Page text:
Novel Therapeutic Strategies for Celiac Disease

Nastaran Asri, Mohammad Rostami-Nejad, Mostafa Rezaei-Tavirani, Mohammadreza Razzaghi, Hamid Asadzadeh-Aghdaei, Mohammad Reza Zali


Celiac disease (CeD) is a widespread autoimmune enteropathy caused by dietary gluten peptides in genetically susceptible individuals, which includes a range of intestinal and extraintestinal manifestations. Currently, there is no effective treatment for CeD other than strict adherence to a gluten-free diet (GFD). However, persistent or frequent symptoms and also partial villus atrophy were observed in some patients with CeD due to intentional or inadvertent gluten exposure during the use of GFD. It means that GFD alone is not enough to control CeD symptoms and long-term complications. Accordingly, new therapeutic approaches for CeD treatment such as gluten proteolysis, removing gluten from the digestive tract, promoting tight junction assembly, inhibiting intestinal tissue transglutaminase 2, using probiotics, and developing immunotherapeutic methods have been proposed through different strategies. This review focused on discussing the novel therapeutic strategies for CeD management.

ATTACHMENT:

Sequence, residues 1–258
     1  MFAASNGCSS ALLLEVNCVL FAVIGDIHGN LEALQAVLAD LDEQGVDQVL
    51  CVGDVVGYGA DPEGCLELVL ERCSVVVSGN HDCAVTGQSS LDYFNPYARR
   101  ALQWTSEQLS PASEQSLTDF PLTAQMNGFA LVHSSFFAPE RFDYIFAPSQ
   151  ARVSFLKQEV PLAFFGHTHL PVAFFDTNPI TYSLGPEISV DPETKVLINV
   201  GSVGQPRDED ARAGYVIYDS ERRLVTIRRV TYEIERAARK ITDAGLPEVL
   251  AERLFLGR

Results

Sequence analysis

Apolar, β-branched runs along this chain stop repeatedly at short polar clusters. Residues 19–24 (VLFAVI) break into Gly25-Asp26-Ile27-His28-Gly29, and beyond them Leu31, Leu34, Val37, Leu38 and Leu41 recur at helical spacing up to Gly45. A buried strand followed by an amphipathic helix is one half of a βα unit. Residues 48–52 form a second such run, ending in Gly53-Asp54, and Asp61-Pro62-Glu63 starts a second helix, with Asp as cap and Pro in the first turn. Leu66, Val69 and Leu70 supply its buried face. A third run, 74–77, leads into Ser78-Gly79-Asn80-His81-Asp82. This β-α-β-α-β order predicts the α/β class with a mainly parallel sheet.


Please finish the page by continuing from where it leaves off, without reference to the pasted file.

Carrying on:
Celiac disease; Gluten; Auto-immune; Villous atrophy; Diet, Gluten-free; Therapy

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